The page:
“China Backdoor IPO Strategy: Coal”

By Travis Johnson, Stock Gumshoe, October 16, 2007

So, will the Gumshoe be wrong again? I was very skeptical of J. Christoph Amberger’s plan to buy in to stocks before they IPO in China, as a way of riding the wave of the Chinese stock market’s incredible growth. And the one time I saw a specific teaser that advocated this, I didn’t see the logic.

Still, it worked. Last time around it was Lenovo that they were touting, as the stock that was already publicly traded in the US and in Hong Kong, but should see significant gains once it also IPOd on the Shanghai exchange. You can refer back to my comments on that previous one, too cautious though they were, if you’re interested. Lenovo is one of the top ten performers in the Gumshoe Spreadsheet, just to reinforce the fact that I was wrong.

But a sample of one is, to be frank, uninspiring in its predictive power — so I wouldn’t guarantee that this second “pre-IPO” teaser is also going to outperform significantly. Still, it’s worth a look, don’t you think?

So what are we told about this “China IPO Backdoor Strategy” that could be, in Amberger’s words, the”Most Profit-Rich IPO of the Season?”

TradingSolutions: Financial analysis and investment software that combines technical analysis with neural network and genetic algorithms.


Well, he also talks quite a bit about the most popular pre-IPO company, Alibaba, but that’s going public (in part, at least) only on the Hong Kong stock exchange. There is sort of a backdoor way to get in on this one, because it’s something like 30-40% owned by Yahoo, but it’s not what Amberger’s talking about here.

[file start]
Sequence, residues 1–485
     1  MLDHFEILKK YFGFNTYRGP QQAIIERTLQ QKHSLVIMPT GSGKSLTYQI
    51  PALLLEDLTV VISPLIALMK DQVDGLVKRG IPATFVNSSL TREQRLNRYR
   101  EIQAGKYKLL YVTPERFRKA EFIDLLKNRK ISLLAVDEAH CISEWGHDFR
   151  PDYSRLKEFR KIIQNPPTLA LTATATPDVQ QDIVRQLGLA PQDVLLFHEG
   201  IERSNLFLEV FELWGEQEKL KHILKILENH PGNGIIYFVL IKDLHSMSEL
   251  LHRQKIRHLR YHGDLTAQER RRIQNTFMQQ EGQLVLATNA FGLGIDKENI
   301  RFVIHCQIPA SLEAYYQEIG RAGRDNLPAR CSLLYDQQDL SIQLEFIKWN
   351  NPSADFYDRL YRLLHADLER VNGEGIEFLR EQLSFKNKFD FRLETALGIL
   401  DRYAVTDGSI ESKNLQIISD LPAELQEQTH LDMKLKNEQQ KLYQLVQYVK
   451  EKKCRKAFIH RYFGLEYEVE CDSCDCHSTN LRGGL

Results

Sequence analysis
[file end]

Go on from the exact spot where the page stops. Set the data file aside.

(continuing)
No, I’m assuming that this refers to a second teaser ad that’s making the rounds, this one for a company that, much like Lenovo, is already publicly traded but that is about to make an IPO offering on the domestic Chinese markets to raise more cash (and become exposed to mainland Chinese investors for the first time).

And this is a coal company. Amberger calls it China’s “premier coal company,” and says that they desperately need cash to expand and build capacity in time to supply all the electricity needs of the Olympic games.

The hyperbole is laid on with a trowel — this could “double or triple in the first day,” and “People are going to stand in line to get shares of the upcoming issues. Most will be turned away disappointed.”